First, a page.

|Dev: 24 Caret|
|Pub: 24 Caret|
|Release: August 21, 2012|
|Screen Resolution: 480p-1080p||Mild Fantasy Violence|
There are ten different levels in the game, each with their own techno-inspired background track. Each of these levels comes in several different difficulties. Beginner mode presents only two-note streams with rare beats and enemy lasers, while harder difficulties add more and more note streams with incredibly hectic patterns to keep track of. There are also a number of challenges to undertake and leaderboards to climb your way to the top of, but the overall gameplay experience is actually rather short. You can beat all ten levels in a little under an hour, and since the game starts you on beginner mode without even really asking you if you want to change difficulties, you will probably blow through that first.
Here lies the biggest issue. The game is far too short. The music in the game never changes or gets longer at higher difficulties. There are, essentially, only ten tracks to play throughout the whole game. Not to mention, many of these tracks simply crawl along. I'm a fan of techno music, but this isn't the hard thumbing club beats that you would expect from a rhythm game like this one. Rather, they are all kind of slow mechanical rhythms that would be better situated for a late night chill session rather than a space shooter. Frankly, I just didn't feel like listening to them all again to conquer the levels at a higher difficulty.
The cool thing about Retro/Grade is that you can play it with your existing Rock Band or Guitar Hero guitars. To be fair, it's way cooler to control time and space with rock and roll than it is to control time and space with a controller. However, even this starts to become dull after you've run through the game once or twice. The music simply isn't good enough to warrant coming back and playing the levels over again. Maybe if the game had more tracks, it would have more replay value, but as it stands I was done with this game shortly after I started it.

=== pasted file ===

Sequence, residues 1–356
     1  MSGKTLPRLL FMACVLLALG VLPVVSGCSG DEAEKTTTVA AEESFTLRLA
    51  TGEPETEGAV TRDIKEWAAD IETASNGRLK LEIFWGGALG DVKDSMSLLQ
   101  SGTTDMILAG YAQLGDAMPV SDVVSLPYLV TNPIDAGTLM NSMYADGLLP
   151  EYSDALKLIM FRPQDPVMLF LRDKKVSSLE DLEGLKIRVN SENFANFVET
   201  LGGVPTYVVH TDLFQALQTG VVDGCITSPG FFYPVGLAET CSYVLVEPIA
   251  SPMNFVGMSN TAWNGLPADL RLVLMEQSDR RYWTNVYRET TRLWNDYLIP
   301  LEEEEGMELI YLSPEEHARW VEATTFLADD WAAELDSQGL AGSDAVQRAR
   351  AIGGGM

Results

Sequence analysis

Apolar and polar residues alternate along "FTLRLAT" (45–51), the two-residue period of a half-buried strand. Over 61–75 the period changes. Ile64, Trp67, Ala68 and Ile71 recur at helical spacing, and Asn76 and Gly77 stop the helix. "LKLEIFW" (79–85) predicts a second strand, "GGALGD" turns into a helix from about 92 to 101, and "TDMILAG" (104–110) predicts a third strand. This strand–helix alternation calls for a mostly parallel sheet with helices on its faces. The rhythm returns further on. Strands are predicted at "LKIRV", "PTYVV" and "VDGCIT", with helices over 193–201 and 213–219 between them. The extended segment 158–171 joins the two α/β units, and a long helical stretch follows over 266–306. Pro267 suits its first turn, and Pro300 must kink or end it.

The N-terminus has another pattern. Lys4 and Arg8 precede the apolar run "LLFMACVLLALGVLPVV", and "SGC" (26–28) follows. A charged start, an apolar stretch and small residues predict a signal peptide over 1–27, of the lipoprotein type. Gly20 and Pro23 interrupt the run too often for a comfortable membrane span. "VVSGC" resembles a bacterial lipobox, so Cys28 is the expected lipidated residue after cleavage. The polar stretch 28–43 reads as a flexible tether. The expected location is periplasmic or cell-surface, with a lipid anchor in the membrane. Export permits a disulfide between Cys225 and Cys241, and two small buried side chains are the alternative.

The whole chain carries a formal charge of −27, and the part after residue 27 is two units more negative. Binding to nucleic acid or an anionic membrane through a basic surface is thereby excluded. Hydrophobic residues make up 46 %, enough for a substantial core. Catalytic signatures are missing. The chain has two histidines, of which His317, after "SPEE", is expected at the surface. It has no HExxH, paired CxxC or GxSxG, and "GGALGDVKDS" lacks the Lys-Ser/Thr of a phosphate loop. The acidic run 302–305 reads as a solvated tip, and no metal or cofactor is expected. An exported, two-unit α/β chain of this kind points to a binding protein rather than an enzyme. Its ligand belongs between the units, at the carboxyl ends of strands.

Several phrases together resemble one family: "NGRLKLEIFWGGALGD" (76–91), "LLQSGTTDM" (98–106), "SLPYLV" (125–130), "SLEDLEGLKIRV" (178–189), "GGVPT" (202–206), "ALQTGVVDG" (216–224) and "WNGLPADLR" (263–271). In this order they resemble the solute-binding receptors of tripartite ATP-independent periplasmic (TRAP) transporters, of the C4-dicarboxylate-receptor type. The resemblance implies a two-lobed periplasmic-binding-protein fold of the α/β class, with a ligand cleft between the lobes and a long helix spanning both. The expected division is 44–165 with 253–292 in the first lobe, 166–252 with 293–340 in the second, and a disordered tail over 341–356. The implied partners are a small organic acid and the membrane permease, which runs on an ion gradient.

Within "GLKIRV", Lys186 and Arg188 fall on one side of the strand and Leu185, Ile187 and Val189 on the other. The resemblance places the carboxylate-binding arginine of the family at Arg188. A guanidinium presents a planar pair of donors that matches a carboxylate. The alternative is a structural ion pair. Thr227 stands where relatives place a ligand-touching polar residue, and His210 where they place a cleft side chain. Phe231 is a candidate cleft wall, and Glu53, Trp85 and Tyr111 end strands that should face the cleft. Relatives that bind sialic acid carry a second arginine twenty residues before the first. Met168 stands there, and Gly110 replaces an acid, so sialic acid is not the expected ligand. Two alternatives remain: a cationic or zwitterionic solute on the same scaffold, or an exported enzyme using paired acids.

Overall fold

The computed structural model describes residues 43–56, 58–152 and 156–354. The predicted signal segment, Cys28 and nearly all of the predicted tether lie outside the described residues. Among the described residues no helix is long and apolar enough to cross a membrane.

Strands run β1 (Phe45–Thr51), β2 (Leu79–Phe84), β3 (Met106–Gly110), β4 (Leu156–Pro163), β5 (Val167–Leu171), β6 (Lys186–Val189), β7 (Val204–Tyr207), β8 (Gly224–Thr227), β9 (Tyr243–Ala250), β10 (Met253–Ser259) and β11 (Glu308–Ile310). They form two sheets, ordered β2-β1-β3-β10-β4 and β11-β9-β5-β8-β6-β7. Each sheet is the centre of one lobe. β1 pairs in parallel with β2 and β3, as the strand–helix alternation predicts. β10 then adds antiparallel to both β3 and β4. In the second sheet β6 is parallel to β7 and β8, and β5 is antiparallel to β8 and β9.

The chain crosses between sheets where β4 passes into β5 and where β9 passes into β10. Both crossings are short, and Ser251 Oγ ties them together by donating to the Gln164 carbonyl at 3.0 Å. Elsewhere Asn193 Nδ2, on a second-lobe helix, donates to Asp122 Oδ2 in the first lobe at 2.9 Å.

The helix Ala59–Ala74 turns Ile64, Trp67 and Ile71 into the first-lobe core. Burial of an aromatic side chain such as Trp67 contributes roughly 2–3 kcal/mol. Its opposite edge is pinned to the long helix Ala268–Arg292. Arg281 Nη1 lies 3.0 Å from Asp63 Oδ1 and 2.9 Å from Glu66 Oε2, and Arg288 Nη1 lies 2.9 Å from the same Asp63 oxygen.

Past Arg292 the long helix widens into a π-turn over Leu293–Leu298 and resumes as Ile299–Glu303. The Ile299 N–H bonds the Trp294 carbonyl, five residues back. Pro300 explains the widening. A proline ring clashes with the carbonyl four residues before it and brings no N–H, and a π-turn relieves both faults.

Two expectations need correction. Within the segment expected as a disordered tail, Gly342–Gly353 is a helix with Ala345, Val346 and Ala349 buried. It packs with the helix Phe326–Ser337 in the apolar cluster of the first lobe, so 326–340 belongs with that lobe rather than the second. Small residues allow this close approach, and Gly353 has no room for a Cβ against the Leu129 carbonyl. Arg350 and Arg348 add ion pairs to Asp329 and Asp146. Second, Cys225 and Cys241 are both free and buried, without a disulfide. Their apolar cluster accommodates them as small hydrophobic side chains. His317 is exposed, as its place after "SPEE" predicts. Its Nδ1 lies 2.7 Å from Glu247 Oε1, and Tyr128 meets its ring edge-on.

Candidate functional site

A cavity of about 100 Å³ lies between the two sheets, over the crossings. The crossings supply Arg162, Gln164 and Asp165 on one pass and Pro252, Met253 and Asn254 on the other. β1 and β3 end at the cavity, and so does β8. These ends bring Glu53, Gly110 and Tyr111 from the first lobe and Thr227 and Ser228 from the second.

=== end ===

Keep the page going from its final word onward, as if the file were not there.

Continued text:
That's not to say that the game is bad. In fact, it's a pretty cool idea that is executed well. The reverse boss battles in particular were some of the coolest moments the game had to offer. The ability to rewind past your mistakes makes the game a lot of fun for perfectionists like me. For the time that I played it, Retro/Grade was very enjoyable.
The problem is that I didn't play it for that long. Ten tracks just isn't enough to carry a rhythm game, even an eight-dollar one. The replay value is just so depressingly low. I'd almost say you should get Retro/Grade in the hopes that your eight-dollar contribution will allow 24 Caret to make a sequel that is far more fleshed out. As it stands, Retro/Grade is a well-implemented fun new rhythm game concept that gets repetitive far too quickly.
Date: August 21, 2012